After five years I was transfered to Groton stationed at the SSEP. This was a compromise I made with the detailer. He was going to send me to Washington. I told him I wouldn't go. I quickly shotgunned my resume to the usual companies. When the detailer heard about it we worked out a compromise. After six years at Groton I was given a choice of three diifferent duties. I chose Virginia Beach. Not a good choice. I my first year I was away for 44 weeks out of 52. some time I would get home on the weekends.

Would I do it again? yes. I would not to be stationed at the Pentagon. Too many ego's in one place. If you can stay out side of the beltway Suitland is a good pick although most of it is Intel. If want your ticket punched you will want to be stationed inside the beltway. Count on at least one to two hours one way travel to work. In the winter this can double.
I enjoyed DC but I never saw the cherry blossoms, the leaves turn green or the leaves change color and fall off.

Question For The Day. How long is an Hour?

5/05/2008 10:47 AM

Anonymous Anonymous said...

The problem with DC is that it will not get better if the Navy fixes a few minor points. Make parking better, and you will just sent a new standard from which to complain about the other problems. Ditto for traffic. I doubt that the Navy can affort to fix DC altogether. Therefore, the only feasible alternative is to make it more worthwhile to put up with the crap.

(Is there such a thing as arduous shore duty?)


5/05/2008 10:48 AM

Anonymous Anonymous said...

The problem with DC is there are too many people who think the fleet exists to support them and not the other way around. I have avoided tours in DC, but I frequently travel there on TAD. I would refuse orders there and suffer the consequences. Down size the DC establishment and spend more money on operational units.

5/05/2008 10:56 AM

Anonymous Anonymous said...

Just my two cents. I never was stationed in DC, but I have heard of the high cost of living and traffic problems. I have also heard of how bad the quarters are for those who choose to be Geo bachelors. If something were done to help them out like giving them decent quarters and perhaps a once per month or per quarter assist in getting back to see their families, then that might make it a bit more attractiive.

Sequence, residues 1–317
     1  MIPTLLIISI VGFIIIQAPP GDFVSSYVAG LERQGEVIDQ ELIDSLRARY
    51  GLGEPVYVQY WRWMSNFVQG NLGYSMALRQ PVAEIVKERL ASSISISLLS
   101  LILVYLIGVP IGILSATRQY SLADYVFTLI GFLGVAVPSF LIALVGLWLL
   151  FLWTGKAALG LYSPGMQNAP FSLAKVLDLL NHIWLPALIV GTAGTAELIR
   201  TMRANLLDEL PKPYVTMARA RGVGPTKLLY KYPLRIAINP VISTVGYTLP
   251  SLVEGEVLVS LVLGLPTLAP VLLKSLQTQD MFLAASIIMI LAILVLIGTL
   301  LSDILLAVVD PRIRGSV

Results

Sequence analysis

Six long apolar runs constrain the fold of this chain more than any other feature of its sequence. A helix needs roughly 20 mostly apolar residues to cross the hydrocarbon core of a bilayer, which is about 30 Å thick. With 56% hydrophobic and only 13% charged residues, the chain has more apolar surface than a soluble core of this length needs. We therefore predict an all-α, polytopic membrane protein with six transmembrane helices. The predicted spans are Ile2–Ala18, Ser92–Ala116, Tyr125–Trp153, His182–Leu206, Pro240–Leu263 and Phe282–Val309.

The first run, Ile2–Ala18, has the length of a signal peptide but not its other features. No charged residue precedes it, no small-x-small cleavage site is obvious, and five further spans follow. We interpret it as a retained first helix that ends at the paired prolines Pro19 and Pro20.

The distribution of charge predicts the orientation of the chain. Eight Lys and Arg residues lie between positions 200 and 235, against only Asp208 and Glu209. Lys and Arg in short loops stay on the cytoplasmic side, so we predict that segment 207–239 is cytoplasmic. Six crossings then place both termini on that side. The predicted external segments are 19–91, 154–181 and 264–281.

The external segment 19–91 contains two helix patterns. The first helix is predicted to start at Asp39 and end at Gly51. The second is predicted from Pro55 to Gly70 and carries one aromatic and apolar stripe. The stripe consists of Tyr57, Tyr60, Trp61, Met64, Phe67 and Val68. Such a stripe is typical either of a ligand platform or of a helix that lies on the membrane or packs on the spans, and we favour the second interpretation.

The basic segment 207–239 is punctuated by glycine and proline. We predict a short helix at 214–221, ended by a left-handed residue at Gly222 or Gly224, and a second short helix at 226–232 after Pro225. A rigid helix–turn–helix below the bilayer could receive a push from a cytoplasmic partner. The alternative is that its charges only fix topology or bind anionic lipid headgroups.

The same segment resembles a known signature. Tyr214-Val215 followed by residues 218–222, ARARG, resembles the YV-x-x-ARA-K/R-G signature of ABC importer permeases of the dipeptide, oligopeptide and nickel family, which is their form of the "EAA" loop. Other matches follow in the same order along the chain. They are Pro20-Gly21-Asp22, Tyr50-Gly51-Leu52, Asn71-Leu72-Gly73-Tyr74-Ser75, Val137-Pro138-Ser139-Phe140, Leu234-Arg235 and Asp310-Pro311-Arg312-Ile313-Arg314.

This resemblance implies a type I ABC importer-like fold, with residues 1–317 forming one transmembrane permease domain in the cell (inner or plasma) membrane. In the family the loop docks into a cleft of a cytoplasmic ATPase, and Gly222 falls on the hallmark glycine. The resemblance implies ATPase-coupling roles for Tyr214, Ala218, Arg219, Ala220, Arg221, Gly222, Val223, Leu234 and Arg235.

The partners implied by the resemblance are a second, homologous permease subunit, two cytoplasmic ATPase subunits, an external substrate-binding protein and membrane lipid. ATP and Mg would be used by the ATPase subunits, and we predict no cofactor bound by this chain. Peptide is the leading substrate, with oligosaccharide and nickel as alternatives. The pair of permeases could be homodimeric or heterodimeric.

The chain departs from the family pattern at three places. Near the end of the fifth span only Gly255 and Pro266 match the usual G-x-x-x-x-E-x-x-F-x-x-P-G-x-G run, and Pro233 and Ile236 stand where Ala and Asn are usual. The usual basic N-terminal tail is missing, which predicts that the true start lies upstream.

5/05/2008 11:08 AM

Anonymous Anonymous said...

Three years in DC as a JO here.

Perhaps something's been lost-in-translation regarding the admiral's request, but this would seem to be ready proof that there is such a thing as a dumb question.

Sailors and ships rot in port. Not only is DC is a (lame) port, but, worse, it is one with near-zero Naval facilities, including personnel housing.

Barking at the moon would seem to be more productive than engaging in a wishful-thinking dialogue about making DC duty more attractive.

As the 12-year DC duty ex-detailer said, a DC candidate either: (1) gets that DC is good for their career (when that truly is a truthful statement), or (2) they go with bitching (fine...whatever), or (3) after either digging in their heels or actually punching out, they don't go (vaya con dios).

I very much doubt that there is some huge new loss-rate from #3 above, so I'm again left wondering why in the heck this alleged question is even being brought up in the first place.

What's the beef, really? That people don't *want* to go to DC? What-freaking-ever. This all just seems like an invitation to a sniveling/whining contest for more money, better housing, blah...blah...blah.

I note that the VADM is a DC careerist. DC-native Al Gore also probably sits around wondering why everyone doesn't want to live in DC, too. That doesn't make it a valid question.

Here's a suggestion: People who ask 2am dorm room shoot-the-shit questions like this should be immediately sent on IA duty. Perhaps that cure would help get their conversation-making question abilities to be both real and tight very quickly. And talk about a reason to welcome DC duty...*that* would do the trick!

5/05/2008 5:11 PM

Anonymous Anonymous said...

To 3 year JO - Well said!

5/05/2008 6:05 PM

Anonymous Anonymous said...

Someone has issues....

5/05/2008 8:27 PM

Anonymous Anonymous said...

Why does everything have to be in DC? The ships are flowing into the Pacific and the beautiful PacNorWest is filled with sailors that don't want to leave for DC. Why not split out some HQ functions to up here? I wonder why, in the age of terrorist attacks, we would want all of our major command in one location. Use VTC, go regional, and you'll reduce DC traffic in the mix.

5/05/2008 10:37 PM

Blogger Unknown said...


As Anon (5/05/2008 7:13 AM), the ex-detailer anon, and XSSN CO all said, housing is a problem. Yes, Navy guys can get housing in any DoD housing, but the problem is, most of it is pretty bad. Groton wasn't amazing, but it put DC to shame.